69 70
    76 93
    93
    Mauritania 04
    04 * * 01
    01 66
    89 04
    05 90
    91
    Morocco 86
    93 77
    79 * 93
    93 67
    71 77
    79 90
    93
    Oman * * * * 03
    03 * 96
    97
    Qatar 00
    00 * * * 76
    76 * 92
    95
    Saudi 97
    97 * * 00
    00 97
    97 * 96
    96
    Somalia 90 90 90 * 67 90 02
    Sudan 86
    86 76
    86 * * 77
    77 86
    86 90
    90
    Syria 04
    04 69
    76 * 03
    03 69
    69 69
    76 90
    93
    Tunisia 87
    88 68
    76 * 80
    85 66
    69 68
    76 90
    92
    United Arab Emirates * * * 04
    04 74
    74 * 97
    97
    Yemen 91
    91 87
    87 * 84
    84 72
    72 87
    87 90
    91

    One can discern the following points from the chart:
    • Arab countries vary: Some countries joined all, some countries joined some and the others they did not sign more than one instrument.
    • In some cases there is delay between signing the convention and ratifying it.
    • The most instruments that Arab countries have reservation on are the CRC and CEDWA. (14 Arab countries made reservations).
    • Some countries like Iraq and Syria have obliged with most of the instruments as early as the1960s, yet human rights in these countries ranked among the worst in the region. A more obvious example is Libya that signed the entire instrument including the first optional Protocol of CCPR, yet it is one of the worst countries for human rights record in the region .
    • On the other hand, the U.A.E just signed two instruments, and one of the two were in 2004, and Oman and Qatar has just signed one, but human rights in these three countries are much better than Syria and Iraq.
    This proves that the Arab world is not like the western countries. When there is a problem in human rights field in Western countries, usually the solution is to amend or pass or cancel a law. For example, the death penalty for juveniles in the United States was a significant concern for human rights activists, and it was abolished by a judgment by the U.S. Supreme Court (Roper v. Simmons). According to the U.S. legal system this becomes law. But in the Arab world, governments are ready without any limitations to sign, ratify and to pass any kind of conventions or laws in one night, but it is not ready to implement 20 percent of these laws. They think signing is a good public relations strategy to satisfy donor countries and international organizations, or to avoid pressure, but actual implementation is a different story.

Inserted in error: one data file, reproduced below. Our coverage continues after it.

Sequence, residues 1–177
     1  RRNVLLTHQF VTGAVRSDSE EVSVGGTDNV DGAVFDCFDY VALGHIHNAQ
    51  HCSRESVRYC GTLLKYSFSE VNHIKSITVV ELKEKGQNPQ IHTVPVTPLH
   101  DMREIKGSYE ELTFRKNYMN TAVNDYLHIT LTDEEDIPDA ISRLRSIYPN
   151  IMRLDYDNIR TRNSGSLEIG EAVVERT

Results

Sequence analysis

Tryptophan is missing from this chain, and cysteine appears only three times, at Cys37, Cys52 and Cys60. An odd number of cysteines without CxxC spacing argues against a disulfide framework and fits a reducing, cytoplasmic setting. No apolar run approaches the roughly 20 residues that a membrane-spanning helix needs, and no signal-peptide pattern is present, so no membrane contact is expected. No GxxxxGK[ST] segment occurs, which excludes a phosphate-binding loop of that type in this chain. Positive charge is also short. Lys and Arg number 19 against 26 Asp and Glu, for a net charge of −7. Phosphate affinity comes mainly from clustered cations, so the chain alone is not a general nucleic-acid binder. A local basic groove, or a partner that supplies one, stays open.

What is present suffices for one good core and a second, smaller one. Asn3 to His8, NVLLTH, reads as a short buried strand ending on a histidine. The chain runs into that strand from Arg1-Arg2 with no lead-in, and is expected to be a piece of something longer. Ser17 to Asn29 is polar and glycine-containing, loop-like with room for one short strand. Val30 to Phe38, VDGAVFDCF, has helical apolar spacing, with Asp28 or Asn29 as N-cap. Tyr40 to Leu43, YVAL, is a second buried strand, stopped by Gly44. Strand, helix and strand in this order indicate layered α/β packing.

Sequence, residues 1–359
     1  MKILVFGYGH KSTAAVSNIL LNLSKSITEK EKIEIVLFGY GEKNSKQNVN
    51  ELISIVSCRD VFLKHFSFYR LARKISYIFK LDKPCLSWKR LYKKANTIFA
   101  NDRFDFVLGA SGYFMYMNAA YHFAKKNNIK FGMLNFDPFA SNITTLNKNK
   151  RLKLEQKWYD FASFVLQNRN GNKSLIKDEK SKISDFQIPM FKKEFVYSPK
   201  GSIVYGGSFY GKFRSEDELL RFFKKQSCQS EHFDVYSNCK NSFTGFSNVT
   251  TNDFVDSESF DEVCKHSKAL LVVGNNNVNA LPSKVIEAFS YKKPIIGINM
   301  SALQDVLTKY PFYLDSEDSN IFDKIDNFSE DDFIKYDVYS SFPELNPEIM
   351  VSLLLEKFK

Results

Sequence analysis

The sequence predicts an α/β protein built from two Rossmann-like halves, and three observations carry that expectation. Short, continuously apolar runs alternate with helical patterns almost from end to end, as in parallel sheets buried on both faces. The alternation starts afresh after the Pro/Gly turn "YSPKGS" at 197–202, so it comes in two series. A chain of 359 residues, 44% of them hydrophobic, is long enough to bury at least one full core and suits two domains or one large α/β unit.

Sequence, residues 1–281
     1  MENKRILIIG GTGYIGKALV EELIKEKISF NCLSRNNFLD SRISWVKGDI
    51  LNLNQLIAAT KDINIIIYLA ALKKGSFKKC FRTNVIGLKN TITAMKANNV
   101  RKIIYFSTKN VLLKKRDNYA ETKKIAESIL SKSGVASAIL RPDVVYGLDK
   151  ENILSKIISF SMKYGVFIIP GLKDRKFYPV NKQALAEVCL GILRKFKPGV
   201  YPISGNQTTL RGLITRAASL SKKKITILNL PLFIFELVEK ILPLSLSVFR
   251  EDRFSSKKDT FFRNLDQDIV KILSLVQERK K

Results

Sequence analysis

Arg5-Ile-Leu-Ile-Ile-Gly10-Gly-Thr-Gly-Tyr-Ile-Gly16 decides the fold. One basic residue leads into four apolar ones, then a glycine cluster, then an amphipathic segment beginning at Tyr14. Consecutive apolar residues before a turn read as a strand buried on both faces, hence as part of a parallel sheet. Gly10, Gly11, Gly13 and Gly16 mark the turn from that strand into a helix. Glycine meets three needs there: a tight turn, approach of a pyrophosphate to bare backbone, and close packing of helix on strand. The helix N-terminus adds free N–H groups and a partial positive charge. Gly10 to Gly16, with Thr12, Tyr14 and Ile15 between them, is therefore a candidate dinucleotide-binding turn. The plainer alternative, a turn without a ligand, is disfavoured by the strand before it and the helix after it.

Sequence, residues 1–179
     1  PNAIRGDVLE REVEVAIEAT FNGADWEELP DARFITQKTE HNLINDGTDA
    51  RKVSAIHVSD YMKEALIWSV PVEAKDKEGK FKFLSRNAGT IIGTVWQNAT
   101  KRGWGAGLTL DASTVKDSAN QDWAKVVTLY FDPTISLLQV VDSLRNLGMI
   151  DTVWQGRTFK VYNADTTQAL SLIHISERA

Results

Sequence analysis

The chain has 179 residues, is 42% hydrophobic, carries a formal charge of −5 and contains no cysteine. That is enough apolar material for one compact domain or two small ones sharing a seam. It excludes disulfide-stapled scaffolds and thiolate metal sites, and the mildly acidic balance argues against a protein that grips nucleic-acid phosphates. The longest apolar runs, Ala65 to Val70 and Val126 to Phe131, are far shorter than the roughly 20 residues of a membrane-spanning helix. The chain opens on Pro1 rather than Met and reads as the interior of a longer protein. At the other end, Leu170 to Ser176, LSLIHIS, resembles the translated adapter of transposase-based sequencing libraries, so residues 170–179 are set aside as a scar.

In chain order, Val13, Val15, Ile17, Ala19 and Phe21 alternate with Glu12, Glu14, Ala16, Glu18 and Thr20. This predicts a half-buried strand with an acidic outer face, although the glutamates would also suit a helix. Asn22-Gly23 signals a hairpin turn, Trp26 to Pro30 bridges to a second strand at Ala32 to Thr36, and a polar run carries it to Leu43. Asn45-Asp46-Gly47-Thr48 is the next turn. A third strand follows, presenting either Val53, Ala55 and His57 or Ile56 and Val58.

As an attorney from Yemen, when I was raising with judges the necessity to implement certain international instruments because Yemen obliges with them, the reply was always, “We are not in Switzerland.”
    The importance of this point is that the solution for reform does not lie in pressuring Arab countries to sign and ratify all instruments including optional protocols because they will simply do that, and the situation will remain as is. This does not mean ignoring the importance of joining these instruments, but one must look to that as a first step that equals 10 percent of the reform process, and implementing it is 90 percent of the reform process. This fact also is important because some other Arab countries look to these instruments as strange things that have nothing to do with their culture. These instruments are the product of western Christian culture and according to this view, the Arabs have their own instruments for respecting human rights, which is Islam. This is another reason why in reforming the Middle East, one must be flexible to gain advancements in reform as defined in the beginning of this paper.
    Reporters Without Borders organization issued on May, 3, 2005 its annual report about the freedom of press in the world. The Arab world is the worst region in the world. In 2004 they took into account the standards of the number of journalists imprisoned, kidnapped, killed and disappeared.
    The Stand of the Arab Countries Among Others According to UNDP standards
    The following information, from Arab Human Development Report 2004, offers data from 2001:
    Country Rank of development among the world
    Algeria 108
    Bahrain 40
    Djibouti 154
    Egypt 120
    Iraq *
    Jordan 90
    Kuwait 44
    Lebanon 80
    Libya 58
    Mauritania 152
    Morocco 125
    Oman 74
    Qatar 47
    Saudi 77
    Somalia *
    Sudan 139
    Syria 106
    Tunisia 92
    United Arab Emirates 49
    Yemen 149

    From this table the following can be extrapolated:
    • There is a range of rankings among Arab countries, some countries rank in the 40s and others above 100. In fact, eight countries rank below 100, four countries in the 40s (oil countries), one ranks 58th (Libya), and five countries rank between 60 and 90.
    • If one averages the rank of all Arab countries, it will be 95, and this is a weak number, because of the following;
    • Somalia and Iraq were excluded from the study. If Somalia and Iraq were included, the average ranking would fall to a bit above 100 because of the weak HDI situation in these two countries.
    • The countries that took 40s are the less population in Arab world (its sum are less than 7 million- Arab world is about 300 million-). So if we will exclude these four countries (7 million) the rank of the rest countries (293 million) will be 108.